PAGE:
Federal Government pushes to ban unvaccinated children from childcare centres
The Federal Government is pushing state and territory governments to ban unvaccinated children from childcare centres.
- Some states have stopped unvaccinated children from enrolling in child care
- Malcolm Turnbull wants all states and territories to take a strong stance
- Labor pushes for national education campaign
Prime Minister Malcolm Turnbull has written to premiers and chief ministers urging them to take a firm stance on the issue.
Some states have already stopped unvaccinated children from enrolling in child care, but Mr Turnbull said he wanted similar laws to be rolled out across the whole country.
Mr Turnbull said vaccination rates had been improving recently, but there was more to be done.
“We believe we can take it further than that — this has got to be a concerted national effort by all governments to ensure all our children can be vaccinated. No jab, no pay, no play.”
Currently, unvaccinated children can enrol in childcare centres in the NT, ACT, SA, WA or Tasmania.
Queensland, NSW and Victoria require children to be fully immunised or on an approved catch-up program.
Federal Health Minister Greg Hunt told Channel Nine it was the Government’s duty to make sure preventable diseases did not spread.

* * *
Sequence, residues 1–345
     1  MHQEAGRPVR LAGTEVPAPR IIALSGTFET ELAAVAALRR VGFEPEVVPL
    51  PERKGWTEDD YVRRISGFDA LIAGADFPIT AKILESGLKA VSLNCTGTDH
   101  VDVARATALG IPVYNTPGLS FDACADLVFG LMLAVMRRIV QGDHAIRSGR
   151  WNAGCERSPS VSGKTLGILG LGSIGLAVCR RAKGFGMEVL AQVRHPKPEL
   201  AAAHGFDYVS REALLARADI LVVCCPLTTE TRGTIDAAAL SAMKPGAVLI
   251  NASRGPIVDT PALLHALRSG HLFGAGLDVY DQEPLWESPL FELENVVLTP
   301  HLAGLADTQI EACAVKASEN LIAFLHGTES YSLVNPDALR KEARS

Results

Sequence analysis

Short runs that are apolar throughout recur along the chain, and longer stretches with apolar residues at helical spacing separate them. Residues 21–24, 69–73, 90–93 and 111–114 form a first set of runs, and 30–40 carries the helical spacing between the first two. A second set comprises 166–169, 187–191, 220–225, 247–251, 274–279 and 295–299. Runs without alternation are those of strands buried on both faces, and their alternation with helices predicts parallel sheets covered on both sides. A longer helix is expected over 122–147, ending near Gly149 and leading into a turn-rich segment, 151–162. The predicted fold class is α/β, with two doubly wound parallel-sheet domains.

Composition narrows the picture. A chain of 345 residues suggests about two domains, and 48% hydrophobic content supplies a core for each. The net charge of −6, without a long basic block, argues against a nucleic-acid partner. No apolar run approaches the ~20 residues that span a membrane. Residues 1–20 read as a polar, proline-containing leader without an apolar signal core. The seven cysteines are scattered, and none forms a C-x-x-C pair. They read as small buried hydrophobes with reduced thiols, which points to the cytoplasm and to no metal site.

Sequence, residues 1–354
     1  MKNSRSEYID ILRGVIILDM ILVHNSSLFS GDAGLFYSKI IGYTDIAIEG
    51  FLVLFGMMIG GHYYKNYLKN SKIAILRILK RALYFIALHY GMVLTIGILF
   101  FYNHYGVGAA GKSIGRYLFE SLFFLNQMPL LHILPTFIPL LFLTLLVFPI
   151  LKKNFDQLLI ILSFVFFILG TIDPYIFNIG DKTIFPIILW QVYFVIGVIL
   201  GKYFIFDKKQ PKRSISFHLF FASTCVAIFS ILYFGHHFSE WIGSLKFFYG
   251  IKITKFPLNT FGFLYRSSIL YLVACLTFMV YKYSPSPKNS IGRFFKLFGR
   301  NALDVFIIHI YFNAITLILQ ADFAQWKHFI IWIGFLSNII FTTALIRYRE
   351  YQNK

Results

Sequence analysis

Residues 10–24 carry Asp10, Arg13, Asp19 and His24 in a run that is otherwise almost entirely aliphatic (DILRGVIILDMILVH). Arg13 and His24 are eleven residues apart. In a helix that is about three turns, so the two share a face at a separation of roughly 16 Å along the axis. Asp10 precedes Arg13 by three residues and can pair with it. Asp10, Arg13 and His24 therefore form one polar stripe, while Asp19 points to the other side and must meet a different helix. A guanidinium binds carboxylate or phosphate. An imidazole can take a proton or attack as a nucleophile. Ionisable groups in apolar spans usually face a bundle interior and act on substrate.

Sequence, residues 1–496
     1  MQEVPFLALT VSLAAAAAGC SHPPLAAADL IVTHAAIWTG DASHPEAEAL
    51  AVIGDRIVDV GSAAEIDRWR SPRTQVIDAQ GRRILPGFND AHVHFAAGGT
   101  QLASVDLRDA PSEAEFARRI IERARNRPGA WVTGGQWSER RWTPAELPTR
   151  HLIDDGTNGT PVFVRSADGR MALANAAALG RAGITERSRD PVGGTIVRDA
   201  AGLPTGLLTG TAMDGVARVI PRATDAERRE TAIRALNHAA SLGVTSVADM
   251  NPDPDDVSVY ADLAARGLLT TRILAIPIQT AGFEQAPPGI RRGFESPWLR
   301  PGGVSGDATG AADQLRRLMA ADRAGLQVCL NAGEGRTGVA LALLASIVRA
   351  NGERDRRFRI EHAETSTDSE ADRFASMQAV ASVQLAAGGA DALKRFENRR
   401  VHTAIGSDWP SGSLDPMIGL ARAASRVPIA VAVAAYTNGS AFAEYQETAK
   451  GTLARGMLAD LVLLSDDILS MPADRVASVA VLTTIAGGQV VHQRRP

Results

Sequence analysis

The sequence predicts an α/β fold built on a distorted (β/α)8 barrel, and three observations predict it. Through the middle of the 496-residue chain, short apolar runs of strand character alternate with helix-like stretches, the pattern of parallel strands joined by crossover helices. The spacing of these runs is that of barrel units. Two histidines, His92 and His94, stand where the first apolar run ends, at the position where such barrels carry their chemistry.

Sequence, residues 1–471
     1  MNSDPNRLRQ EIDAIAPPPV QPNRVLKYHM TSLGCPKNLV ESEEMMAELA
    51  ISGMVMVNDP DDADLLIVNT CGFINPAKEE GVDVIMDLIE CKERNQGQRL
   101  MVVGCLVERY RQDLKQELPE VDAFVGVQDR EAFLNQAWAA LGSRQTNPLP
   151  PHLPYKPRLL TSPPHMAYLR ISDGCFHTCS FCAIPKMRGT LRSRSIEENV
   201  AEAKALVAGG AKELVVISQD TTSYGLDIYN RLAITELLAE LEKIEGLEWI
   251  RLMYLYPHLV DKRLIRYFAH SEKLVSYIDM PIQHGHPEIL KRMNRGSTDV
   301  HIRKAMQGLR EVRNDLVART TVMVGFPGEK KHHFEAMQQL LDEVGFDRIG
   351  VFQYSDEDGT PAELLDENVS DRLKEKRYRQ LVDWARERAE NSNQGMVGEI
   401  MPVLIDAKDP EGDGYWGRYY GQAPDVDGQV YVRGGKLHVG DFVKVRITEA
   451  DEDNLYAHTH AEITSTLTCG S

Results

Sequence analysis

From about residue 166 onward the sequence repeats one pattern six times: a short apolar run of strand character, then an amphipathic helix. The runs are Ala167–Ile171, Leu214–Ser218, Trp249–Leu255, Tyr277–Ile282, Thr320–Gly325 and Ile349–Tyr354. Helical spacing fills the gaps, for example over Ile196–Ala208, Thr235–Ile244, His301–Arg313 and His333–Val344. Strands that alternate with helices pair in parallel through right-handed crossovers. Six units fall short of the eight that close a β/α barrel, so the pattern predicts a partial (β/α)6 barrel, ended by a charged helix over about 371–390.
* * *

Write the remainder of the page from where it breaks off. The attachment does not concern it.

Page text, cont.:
“It matters because it’s protecting children and against mumps and measles and shingles and hooping cough and conditions that can lead to agony or, as we see, real tragedies,” he said.
“It’s our duty as a government to try to protect every child, and there should be no barrier to any parent adopting this measure … if we don’t do this we put innocent children, beautiful children, at risk.”
Labor applauds PM’s push, wants education campaign
The Federal Opposition also threw its weight behind the Prime Minister’s push, with leader Bill Shorten saying Labor also wanted to make sure children were vaccinated.
“I applaud Mr Turnbull standing up along with Labor against the anti-vaccination brigade,” Mr Shorten said.
“I’ve written to Mr Turnbull last week and said one thing the Federal Government can do without just putting all the problems back on the states is to have a national education campaign.”
The Prime Minister’s push to state and territory leaders comes after reports some unvaccinated children were being turned away for medical treatment.
The Australian Child Health Poll survey of almost 2,000 parents found among the 5 per cent of children who were not up to date with their vaccinations, one in six had been refused care.
The survey also found that 74 per cent of parents believe they should be told how many children are not up to date with vaccines at schools or childcare centres.
Further, seven out of 10 parents said that knowing the number of under-vaccinated children would influence their decision in choosing childcare centres and schools.
While 95 per cent of Australian children are fully vaccinated, the survey said one in three parents held concerns about vaccination.
One in 10 parents believed that vaccines could cause autism, and a further 30 per cent were unsure — despite medical research showing no causal link.
The issue has been in the spotlight in recent days after One Nation leader Pauline Hanson described the Government’s ‘no jab, no pay’ policy as a “dictatorship” and said parents should do their own research into vaccinations.